THE Joseph Rowntree Theatre Company, the JoRo’s in-house performing troupe, are producing concert versions of Gilbert and Sullivan’s biggest light opera hits, HMS Pinafore and The Mikado, next week.

The shows will be brimful of popular tunes and brilliant characters, with all profits from this topsy-turvy musical madness going straight back to the Haxby Road community theatre.

Rachel Croft: Cafe concert at Forty Five, with Reap What You Sow EP to follow in September

Music Café society gig of the week ahead: Rachel Croft, Forty Five Vinyl Café, Micklegate, York, July 31, 7.30m

NEXT Saturday at Forty Five, York singer-songwriter Rachel Croft will showcase tomorrow’s release of Reap What You Sow, a cinematic, moody taster for her four-track EP of the same name on September 9.

Exploring a more potent, bluesy style throughout, further tracks will be second single Time Waits For No Man, Roots and Chasing Time.  

Rachel will be supported by Kell Chambers and Evie Barrand. Tickets cost £10 via

The Trials Of Cato: Tomos Williams and Rob Jones with new trio member Polly Bolton, playing Primrose Wood Acoustics in early August

Going down in the woods next month: The Trials Of Cato, Primrose Wood Acoustics, Pocklington, August 5, 7pm

BBC Radio 2 Folk Award winners The Trials Of Cato will headline the third Primrose Wood Acoustics session in Pocklington on August 5.

Organised by Pocklington Arts Centre, the outdoor concert series will complete its summer hattrick by popular demand after sold-out sylvan shows on July 1 and 8.

Leamington Spa singer-songwriter Polly Bolton joins co-founders Tomos Williams and Rob Jones for the showcase of imminent second album Gog Magog. Tickets cost £14 on 01759 301547 or at

When “pingdemic” rules out Rachel Podger, up steps Bojan Cicic at three hours’ notice… to perform exactly the same repertoire!

Rachel Podger: Had to self-isolate after being pinged

QUICK thinking by York Early Music Festival director Delma Tomlin saved the day when violinist Rachel Podger fell victim to the dreaded “pingdemic”.

Rachel had to self-isolate at the last minute, foregoing her 9.15pm live performance of The Violinist Speaks at St Lawrence’s Church, Hull Road, on July 13.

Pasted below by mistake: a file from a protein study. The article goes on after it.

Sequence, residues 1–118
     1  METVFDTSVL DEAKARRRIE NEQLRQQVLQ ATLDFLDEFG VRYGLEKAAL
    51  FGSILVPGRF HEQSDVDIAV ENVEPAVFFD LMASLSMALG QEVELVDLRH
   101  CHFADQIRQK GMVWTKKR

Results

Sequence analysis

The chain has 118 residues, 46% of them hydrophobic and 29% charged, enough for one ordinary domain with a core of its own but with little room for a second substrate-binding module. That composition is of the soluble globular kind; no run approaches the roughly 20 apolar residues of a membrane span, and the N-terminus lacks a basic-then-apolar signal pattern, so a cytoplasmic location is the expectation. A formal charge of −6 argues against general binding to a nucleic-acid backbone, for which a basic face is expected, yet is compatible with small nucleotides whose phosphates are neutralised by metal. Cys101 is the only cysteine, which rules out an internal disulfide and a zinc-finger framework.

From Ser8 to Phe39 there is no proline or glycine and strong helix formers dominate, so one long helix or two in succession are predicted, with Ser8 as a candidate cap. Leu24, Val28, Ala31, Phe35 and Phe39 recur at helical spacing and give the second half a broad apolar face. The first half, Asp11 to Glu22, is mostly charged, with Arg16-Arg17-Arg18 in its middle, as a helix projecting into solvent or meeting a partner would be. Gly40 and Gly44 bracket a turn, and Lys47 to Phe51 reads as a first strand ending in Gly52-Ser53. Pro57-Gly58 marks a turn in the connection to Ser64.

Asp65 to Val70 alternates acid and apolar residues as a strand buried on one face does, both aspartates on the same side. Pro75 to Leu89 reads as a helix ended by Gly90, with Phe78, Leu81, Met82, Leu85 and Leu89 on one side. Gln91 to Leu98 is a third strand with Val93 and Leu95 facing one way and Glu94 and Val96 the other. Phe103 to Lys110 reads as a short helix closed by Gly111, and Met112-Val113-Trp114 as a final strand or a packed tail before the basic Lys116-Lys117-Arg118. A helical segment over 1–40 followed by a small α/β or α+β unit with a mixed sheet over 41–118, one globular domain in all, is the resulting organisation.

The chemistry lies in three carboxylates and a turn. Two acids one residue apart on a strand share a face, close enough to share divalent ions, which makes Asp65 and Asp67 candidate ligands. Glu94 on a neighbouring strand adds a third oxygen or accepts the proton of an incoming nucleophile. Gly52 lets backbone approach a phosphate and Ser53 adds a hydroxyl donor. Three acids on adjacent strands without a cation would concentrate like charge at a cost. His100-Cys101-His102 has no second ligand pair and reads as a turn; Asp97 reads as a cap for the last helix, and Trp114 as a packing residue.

In a flash, Delma asked Croatian-born Baroque violinist Bojan Cicic to step into the breach, as he had arrived in York already to perform with Florilegium at the National Centre for Early Music the following night.

Bojan Cicic: Took over solo concert programme at three hours’ notice

Not only did he say ‘Yes’ at only three hours’ notice, but also he played the very same repertoire that Rachel had selected: JS Bach’s Cello Suite No. 1 in G major; Giuseppe Tartini’s Sonata in B minor; Heinrich Ignaz Franz Biber’s Passacaglia in G minor, for solo violin, and Bach’s Partita No. 2 in D minor, for solo violin.

Nothing was announced on social media beforehand by the festival organisers; only the audience was alerted of the late change by email, whereupon Bojan duly “wowed” his socially distanced crowd.

Rachel subsequently recorded The Violinist Speaks without an audience at the NCEM for a digital livestream premiere at 7.30pm last Saturday. Her online concert is now available on demand until August 13; on sale until August 9 at:

Quick thinking: York Early Music Festival director Delma Tomlin

REVIEW: Martin Dreyer’s verdict on Stile Antico/Bojan Čičić, York Early Music Festival

Stile Antico: “Go-to” group in the early music world. Picture Marco Borggreve

York Early Music Festival: Stile Antico, York Minster, July 13; Bojan Čičić, St Lawrence’s Church, York, July 13

OVER the past few years, and especially during lockdown, Stile Antico have been something of a “go-to” group in the early music world. No-one is complaining, least of all this critic. As their name implies, style is the watchword of these dozen voices.

Next month we commemorate the 500th anniversary of the death of Josquin des Prez, who is right up there in anyone’s shortlist of great Renaissance composers. He developed a new style that melded northern European technical precision with simpler Italian drama and clarity: it was widely influential for 200 years.